Confederate Soldiers Monument, Monroe
Jacob Efird, Sculptor
This 40-foot granite monument was the culmination of efforts by the Monroe Chapter of the Daughters of the Confederacy to memorialize Confederate soldiers from Union County. Atop the three-tier granite foundation rests the base of the obelisk. The tall shaft is topped with a polished sphere. All four sides of the base are inscribed. The east face of the base features a Confederate flag, while the east and west faces depict crossed rifles and crossed cavalry sabers, respectively.
West Face, Base: 1861 / OUR / CONFEDERATE SOLDIERS
West Face, Shaft: UDC
North Face, Base: ERECTED BY THE MONROE CHAPTER / OF THE U.D.C. JULY 4, 1910. / DEDICATED TO / THE MEMORY OF / THE BOYS IN GRAY FROM / UNION COUNTY / WHO GAVE THEIR ALL TO THE / PROTECTION OF HOME / 1861-1865
South Face, Base: UNION COUNTY’S VOLUNTEERS. / COMPANY B 15 N.C. REG’T MAY 1861. / ” B 26 N.C. ” JUNE 1861. / ” F 35 N.C. ” OCT. 1861. / ” D 37 N.C. ” SEPT. 1861. ” B 43 N.C. ” FEB. 1862. / ” A 48 N.C. ” MAR. 1862. / ” E 48 N.C. ” MAR. 1862. / ” F 48 N.C. ” MAR. 1862. / I 48 N.C. ” MAR. 1862. / ” I 53 N.C. ” MAR. 1862. / ARTILLERY / COMPANY C 10TH BATTALION MAR. 1862. / ” F 2ND N.C.REG’T JR. RESERVES.
East Face, Base: 1865
East Face, Shaft: UDC
Old County Courthouse, Union County
July 4, 1910
34.983060 , -80.550000 View in Geobrowse
"Union County Court House, Monroe, N.C." in Durwood Barbour Collection of North Carolina Postcards (P077), North Carolina Collection Photographic Archives, Wilson Library, University of North Carolina at Chapel Hill. Link
Bell, Adam. "Marker Rejected for Slaves in South's Army - Union County Says Plan Poses an Inconsistency," Charlotte Observer, (Charlotte, NC), February 16, 2011, 1A
Butler, Douglas J. North Carolina Civil War Monuments: An Illustrated History (Jefferson, North Carolina: McFarland & Company, 2013).
Gomlak, Norman. “Confederate Monument Special To Women,” Charlotte Observer (Charlotte, NC), September 18, 1998.
Stowe, Gene. “Square Around Old Courthouse To Be Landscaped,” Charlotte Observer (Charlotte, NC), June 12, 1986.
“Monument Is Unveiled - Interesting Exercises Were Held at Monroe Yesterday,” The Evening Chronicle (Charlotte, NC), July 5, 1910.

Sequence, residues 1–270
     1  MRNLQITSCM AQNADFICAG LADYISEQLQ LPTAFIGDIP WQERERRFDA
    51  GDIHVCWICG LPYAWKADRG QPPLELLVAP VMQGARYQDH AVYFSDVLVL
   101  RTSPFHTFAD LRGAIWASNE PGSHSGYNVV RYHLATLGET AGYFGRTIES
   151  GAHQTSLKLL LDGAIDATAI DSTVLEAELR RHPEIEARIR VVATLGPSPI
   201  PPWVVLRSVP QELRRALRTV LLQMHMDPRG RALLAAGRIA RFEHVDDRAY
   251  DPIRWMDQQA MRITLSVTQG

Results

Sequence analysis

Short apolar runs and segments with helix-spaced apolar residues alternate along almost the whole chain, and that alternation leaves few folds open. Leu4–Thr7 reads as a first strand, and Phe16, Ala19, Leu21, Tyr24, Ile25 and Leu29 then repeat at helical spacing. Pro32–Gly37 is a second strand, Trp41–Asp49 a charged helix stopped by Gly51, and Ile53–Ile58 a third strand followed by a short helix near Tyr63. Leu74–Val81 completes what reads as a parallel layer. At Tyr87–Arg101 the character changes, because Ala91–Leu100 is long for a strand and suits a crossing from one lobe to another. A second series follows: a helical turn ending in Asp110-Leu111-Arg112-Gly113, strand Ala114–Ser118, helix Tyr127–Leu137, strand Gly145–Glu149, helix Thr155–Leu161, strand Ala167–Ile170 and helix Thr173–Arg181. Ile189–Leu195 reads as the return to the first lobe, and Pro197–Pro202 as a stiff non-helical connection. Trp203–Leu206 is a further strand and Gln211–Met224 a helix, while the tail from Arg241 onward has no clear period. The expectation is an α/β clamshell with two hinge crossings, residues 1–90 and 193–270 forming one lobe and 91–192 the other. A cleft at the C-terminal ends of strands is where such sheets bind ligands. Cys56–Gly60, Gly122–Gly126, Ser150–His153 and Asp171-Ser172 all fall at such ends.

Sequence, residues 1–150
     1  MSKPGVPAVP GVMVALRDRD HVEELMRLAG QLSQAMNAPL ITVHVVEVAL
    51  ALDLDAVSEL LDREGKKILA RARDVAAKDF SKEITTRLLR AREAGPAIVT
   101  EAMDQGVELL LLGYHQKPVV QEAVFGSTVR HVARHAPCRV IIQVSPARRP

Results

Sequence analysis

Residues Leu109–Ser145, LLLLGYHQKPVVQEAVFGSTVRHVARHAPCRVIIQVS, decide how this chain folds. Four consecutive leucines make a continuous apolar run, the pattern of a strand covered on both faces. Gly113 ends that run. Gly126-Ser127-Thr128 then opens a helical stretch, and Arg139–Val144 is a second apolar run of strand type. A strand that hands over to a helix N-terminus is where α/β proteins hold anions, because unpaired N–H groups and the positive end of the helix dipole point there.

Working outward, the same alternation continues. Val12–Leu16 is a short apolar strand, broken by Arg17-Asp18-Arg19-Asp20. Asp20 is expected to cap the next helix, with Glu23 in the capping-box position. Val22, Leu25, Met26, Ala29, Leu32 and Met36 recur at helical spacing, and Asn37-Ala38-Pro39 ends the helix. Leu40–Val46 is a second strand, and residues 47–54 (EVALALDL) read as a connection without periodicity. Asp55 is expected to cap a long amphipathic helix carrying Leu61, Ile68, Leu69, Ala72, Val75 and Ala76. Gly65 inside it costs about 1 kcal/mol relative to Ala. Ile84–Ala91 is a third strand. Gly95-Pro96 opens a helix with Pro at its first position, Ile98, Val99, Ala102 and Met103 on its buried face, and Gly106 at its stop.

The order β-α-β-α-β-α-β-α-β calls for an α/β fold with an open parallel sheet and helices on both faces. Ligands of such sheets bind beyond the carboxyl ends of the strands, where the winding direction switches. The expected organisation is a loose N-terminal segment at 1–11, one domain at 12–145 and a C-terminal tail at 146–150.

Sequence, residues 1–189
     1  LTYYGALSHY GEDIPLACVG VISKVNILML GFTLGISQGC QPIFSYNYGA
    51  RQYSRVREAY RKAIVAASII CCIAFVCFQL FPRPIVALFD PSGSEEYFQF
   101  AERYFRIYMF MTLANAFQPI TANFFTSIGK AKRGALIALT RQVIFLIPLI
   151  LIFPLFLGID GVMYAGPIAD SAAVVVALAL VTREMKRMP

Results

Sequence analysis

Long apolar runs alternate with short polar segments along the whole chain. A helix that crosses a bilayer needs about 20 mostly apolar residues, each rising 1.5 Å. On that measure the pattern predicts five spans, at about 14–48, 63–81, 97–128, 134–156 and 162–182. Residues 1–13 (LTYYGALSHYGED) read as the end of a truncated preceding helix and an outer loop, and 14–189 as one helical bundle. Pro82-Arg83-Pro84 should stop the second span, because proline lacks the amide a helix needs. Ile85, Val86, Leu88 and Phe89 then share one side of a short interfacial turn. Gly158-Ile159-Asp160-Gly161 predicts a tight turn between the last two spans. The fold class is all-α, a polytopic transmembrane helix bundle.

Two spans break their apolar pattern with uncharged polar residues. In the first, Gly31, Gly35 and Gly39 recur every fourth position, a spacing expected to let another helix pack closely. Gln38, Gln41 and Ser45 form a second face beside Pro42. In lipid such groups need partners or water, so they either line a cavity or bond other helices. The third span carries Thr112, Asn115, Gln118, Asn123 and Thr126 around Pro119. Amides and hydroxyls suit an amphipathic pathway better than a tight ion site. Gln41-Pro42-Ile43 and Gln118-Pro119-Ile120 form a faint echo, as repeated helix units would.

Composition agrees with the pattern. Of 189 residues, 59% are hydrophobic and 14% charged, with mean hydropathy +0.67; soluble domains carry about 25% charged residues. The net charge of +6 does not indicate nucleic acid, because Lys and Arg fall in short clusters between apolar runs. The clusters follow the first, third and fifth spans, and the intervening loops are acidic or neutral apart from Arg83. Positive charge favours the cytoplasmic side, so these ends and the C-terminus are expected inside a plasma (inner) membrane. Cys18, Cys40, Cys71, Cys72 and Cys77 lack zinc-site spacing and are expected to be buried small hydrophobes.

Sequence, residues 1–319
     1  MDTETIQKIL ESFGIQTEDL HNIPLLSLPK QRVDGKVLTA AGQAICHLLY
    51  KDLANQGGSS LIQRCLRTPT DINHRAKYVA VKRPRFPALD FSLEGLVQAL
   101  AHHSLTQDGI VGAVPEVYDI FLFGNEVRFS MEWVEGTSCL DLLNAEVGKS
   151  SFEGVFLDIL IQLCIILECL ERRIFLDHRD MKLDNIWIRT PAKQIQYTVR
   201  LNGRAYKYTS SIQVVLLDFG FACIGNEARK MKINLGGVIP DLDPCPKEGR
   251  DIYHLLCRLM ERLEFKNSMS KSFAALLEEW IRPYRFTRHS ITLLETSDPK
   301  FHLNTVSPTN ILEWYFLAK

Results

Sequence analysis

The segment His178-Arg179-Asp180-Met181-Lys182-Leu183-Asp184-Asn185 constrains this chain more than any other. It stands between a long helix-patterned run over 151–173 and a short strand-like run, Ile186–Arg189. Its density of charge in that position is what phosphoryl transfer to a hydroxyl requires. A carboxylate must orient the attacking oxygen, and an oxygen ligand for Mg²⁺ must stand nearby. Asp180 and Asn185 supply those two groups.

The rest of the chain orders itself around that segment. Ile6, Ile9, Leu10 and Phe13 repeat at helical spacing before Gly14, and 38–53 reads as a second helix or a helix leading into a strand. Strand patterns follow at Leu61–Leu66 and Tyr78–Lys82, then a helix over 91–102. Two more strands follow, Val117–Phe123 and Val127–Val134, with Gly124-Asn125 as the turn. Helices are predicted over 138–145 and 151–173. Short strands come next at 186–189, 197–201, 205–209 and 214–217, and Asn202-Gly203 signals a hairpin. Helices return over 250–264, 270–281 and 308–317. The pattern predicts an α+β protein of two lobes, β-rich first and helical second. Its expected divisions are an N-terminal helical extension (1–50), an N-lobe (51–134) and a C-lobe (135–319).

“Old Courthouse,” Union County Public Library, http://history.union.lib.nc.us, Photo # 00026, (accessed August 15, 2016) Link
“Union County – Monroe (Courthouse),” Ride Around America, http://www.roadsandriders.com, (accessed August 10, 2016) Link
“Union Wants Monument - Plan for Confederate Memorial Well Under Way,” The Wilmington Morning Star (Wilmington, NC), December 24, 1909.
Monroe Chapter No. 766 of the United Daughters of the Confederacy
Over 3,000 people attended the dedication ceremony for the monument. The Monroe Chapter of the United Daughters of the Confederacy organized the events, incorporating the unveiling into the Fourth of July celebration. A group of children handled the actual unveiling of the monument. Walter Bickett, the Attorney General in 1910 who later became governor, spoke at the event.
The Confederate Soldiers Monument was part of a controversy sparked by a proposed monument celebrating black pensioners in the Confederate army. That monument was initially not approved because it names individuals who served while the Confederate monument lists only the names of units. Opponents of the new monument believed that the installation of a marker with names would elevate those individuals above the other soldiers memorialized in the existing monument.
Protest from local citizens concerning its use by the UDC during Memorial Day celebrations has led to the discontinuation of this practice in recent years.
The monument is located directly in front of the Old County Courthouse, at 400 North Main Street Monroe, NC 28112. Other memorials in front of the historic courthouse include a marker for Confederate Pensioners of Color, Courthouse Cross and War Dead Plaques, Korean War and World War One memorials. A Revolutionary War memorial is on the west side lawn, a Fire Fighters memorial on the south side and Vietnam Memorial on the east side lawn.
The monument sits in the center of a brick walkway leading up to the entrance of the courthouse. There are flowers around the base, with a short black fence surrounding it.
The monument and other changes to the courthouse lawn that stemmed from it, like the incorporation of sidewalks and benches, established the area as the ceremonial center for community activities, such as parades. After the dedication of the monument, the United Daughters of the Confederacy continued to hold Memorial Day celebrations at the site until some residents protested the ceremonies.